The CAT, however, ruled that the cost-plus approach cannot not be used “in isolation” if other methods are available, particularly if they suggest different results. Moreover, the CMA was not entitled simply to choose the method most favorable to the authority. Instead, it should have examined more closely the various comparator products and companies and other indicators (rather than only the PPRS six percent rate of return) to establish the benchmarking price or range.
According to the CAT, the CMA also wrongly determined that the prices were unfair. The case law permits two methods to assess unfairness: Prices can be (i) unfair “in themselves”; or (ii) unfair compared to other (competing) products. The CMA had chosen the first method, which was most favorable to it, and had applied that method without due regard to the comparators presented to it for analysis under the second method. The CAT further found that the CMA had not carefully analyzed the economic value of the product in terms of patient benefit. Finally, with regard to the substantial price increases that had taken place, the CAT clarified that a price comparison over time could not be considered “a sufficiently sound basis for arriving at a conclusion either as to the amount of any excess or in the overall assessment of unfairness” (para. 400).
Importance of the CAT Judgment
In many Member States, a court would limit its ruling to the reasons for annulling the competition authority’s decision. Not so the CAT: It set out a comprehensive checklist for the CMA to determine whether prices are excessive and unfair.
The CAT clarified that under the first limb of the United Brands test (excessiveness), a competition authority should consider a range of possible analyses to set a benchmark price (or range) that would “pertain under conditions of normal and sufficiently effective competition” (para. 443). The authority is not entitled in that context to select one basis of analysis and ignore others that are also credible. The benchmark price or range should subsequently be compared to the price charged in practice to determine whether it is excessive. Such an assessment has to be based on a number of additional factors, including the size and stability of the differential.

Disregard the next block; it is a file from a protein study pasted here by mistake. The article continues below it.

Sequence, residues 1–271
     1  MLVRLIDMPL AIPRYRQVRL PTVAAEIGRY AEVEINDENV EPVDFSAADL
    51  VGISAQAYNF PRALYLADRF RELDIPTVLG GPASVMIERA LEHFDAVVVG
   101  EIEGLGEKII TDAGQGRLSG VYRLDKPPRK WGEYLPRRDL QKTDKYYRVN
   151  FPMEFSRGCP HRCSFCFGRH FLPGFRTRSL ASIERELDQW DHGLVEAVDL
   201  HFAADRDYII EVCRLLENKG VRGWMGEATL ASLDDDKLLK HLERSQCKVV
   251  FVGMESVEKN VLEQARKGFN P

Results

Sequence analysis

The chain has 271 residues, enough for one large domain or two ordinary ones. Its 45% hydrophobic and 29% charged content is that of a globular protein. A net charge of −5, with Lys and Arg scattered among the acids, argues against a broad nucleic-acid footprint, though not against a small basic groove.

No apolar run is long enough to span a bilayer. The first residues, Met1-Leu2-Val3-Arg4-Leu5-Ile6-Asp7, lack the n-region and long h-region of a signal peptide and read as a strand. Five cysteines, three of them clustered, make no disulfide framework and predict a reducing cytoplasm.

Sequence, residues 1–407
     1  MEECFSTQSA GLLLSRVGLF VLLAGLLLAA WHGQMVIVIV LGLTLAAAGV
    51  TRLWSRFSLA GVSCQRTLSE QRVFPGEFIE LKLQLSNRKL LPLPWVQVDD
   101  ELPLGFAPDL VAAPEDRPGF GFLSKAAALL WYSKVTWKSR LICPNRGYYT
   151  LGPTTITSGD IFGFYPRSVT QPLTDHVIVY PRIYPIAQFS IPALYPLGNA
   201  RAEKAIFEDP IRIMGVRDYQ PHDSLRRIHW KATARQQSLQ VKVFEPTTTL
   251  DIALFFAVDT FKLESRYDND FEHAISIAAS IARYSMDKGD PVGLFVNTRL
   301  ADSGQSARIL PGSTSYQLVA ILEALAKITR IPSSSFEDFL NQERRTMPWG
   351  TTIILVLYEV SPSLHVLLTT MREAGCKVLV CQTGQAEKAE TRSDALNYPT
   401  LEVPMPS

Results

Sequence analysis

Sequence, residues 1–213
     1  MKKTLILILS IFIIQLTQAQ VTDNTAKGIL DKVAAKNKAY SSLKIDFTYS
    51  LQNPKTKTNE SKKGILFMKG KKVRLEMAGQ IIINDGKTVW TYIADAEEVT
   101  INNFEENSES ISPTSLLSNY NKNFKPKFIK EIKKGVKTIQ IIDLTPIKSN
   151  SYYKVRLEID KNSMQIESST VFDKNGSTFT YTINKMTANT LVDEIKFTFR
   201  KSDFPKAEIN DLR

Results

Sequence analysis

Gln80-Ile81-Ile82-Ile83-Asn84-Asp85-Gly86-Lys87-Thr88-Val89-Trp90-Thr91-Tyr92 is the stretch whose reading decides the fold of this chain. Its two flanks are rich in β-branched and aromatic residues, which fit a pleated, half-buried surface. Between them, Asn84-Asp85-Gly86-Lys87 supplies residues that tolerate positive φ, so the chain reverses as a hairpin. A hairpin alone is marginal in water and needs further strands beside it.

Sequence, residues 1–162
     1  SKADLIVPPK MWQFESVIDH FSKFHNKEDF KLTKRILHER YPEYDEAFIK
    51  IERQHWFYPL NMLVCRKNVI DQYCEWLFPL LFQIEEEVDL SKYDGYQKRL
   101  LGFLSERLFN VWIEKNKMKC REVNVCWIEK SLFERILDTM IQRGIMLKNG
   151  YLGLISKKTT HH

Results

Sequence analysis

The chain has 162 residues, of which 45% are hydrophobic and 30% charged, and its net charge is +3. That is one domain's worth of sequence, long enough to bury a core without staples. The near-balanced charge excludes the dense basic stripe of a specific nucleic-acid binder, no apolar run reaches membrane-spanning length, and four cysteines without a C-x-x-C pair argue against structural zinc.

Once excessiveness is established, a competition authority is free to use either alternative to determine unfairness (unfairness in itself or unfairness compared to competing products). However, the authority has to consider any prima facie argument that the pricing is fair under the other alternative.
The next step is to determine the economic value of the product. It is only if a price is excessive and unfair and if (i) the price bears no reasonable relation to the economic value of the products; and (ii) the dominant company is reaping trading benefits that it would not reap under conditions of normal and sufficiently efficient competition, that a finding of an infringement of Article 102 TFEU can be made (provided of course there is no objective justification for the conduct).
Beyond this case, the CAT’s judgment will likely have a considerable impact on ongoing investigations and future cases. The CMA itself is currently assessing a number of cases. Moreover, following the Autorità Garante della Concorrenza e del Mercato’s decision in the Italian Aspen case (Case A480 – Price Increase of Aspen’s Drugs), the European Commission is investigating Aspen for allegedly having charged excessive and unfair prices for several cancer drugs in the European Economic Area except Italy (Case AT.40394 Aspen). Excessive pricing will therefore remain a “hot topic.”